Gulf for Good

Gulf for Good raises funds for partner charity projects through challenges, like climbing Kilimanjaro and cycling through Thailand. This year’s projects are in partnership with Street Child Nepal, Larchfield Kids, the Foundation for African Empowerment and SOS Children's Villages. Since 2001, the organisation has raised more than $3.5 million (Dh12.8m) in support of over 50 children’s charities.

Noor Dubai Foundation

Sheikh Mohammed bin Rashid Al Maktoum launched the Noor Dubai Foundation a decade ago with the aim of eliminating all forms of preventable blindness globally. You can donate Dh50 to support mobile eye camps by texting the word “Noor” to 4565 (Etisalat) or 4849 (du).

How Islam's view of posthumous transplant surgery changed

Transplants from the deceased have been carried out in hospitals across the globe for decades, but in some countries in the Middle East, including the UAE, the practise was banned until relatively recently.

Opinion has been divided as to whether organ donations from a deceased person is permissible in Islam.

The body is viewed as sacred, during and after death, thus prohibiting cremation and tattoos.

One school of thought viewed the removal of organs after death as equally impermissible.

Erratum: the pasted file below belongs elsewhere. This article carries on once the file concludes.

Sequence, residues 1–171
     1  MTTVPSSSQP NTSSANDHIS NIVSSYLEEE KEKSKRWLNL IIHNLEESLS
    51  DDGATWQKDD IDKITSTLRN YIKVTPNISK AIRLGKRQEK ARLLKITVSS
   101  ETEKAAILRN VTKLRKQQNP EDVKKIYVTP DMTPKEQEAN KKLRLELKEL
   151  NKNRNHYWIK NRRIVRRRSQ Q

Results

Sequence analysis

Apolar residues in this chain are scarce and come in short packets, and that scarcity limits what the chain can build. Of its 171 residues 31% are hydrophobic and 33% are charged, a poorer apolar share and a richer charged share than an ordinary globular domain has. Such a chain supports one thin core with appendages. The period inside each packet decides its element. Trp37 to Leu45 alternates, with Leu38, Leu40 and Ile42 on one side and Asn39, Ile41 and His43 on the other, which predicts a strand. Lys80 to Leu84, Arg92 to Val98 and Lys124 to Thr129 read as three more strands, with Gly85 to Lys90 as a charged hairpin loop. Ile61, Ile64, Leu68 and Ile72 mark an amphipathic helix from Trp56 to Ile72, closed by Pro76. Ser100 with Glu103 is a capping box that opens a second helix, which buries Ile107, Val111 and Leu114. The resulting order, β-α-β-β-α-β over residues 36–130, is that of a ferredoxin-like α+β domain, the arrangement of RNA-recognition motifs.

That view has largely changed, and among scholars and indeed many in society, to be seen as permissible to save another life.

Mercer, the investment consulting arm of US services company Marsh & McLennan, expects its wealth division to at least double its assets under management (AUM) in the Middle East as wealth in the region continues to grow despite economic headwinds, a company official said.

Mercer Wealth, which globally has $160 billion in AUM, plans to boost its AUM in the region to $2-$3bn in the next 2-3 years from the present $1bn, said Yasir AbuShaban, a Dubai-based principal with Mercer Wealth.

Within the next two to three years, we are looking at reaching $2 to $3 billion as a conservative estimate and we do see an opportunity to do so,” said Mr AbuShaban.

Mercer does not directly make investments, but allocates clients’ money they have discretion to, to professional asset managers. They also provide advice to clients.

“We have buying power. We can negotiate on their (client’s) behalf with asset managers to provide them lower fees than they otherwise would have to get on their own,” he added.

Mercer Wealth’s clients include sovereign wealth funds, family offices, and insurance companies among others.

From its office in Dubai, Mercer also looks after Africa, India and Turkey, where they also see opportunity for growth.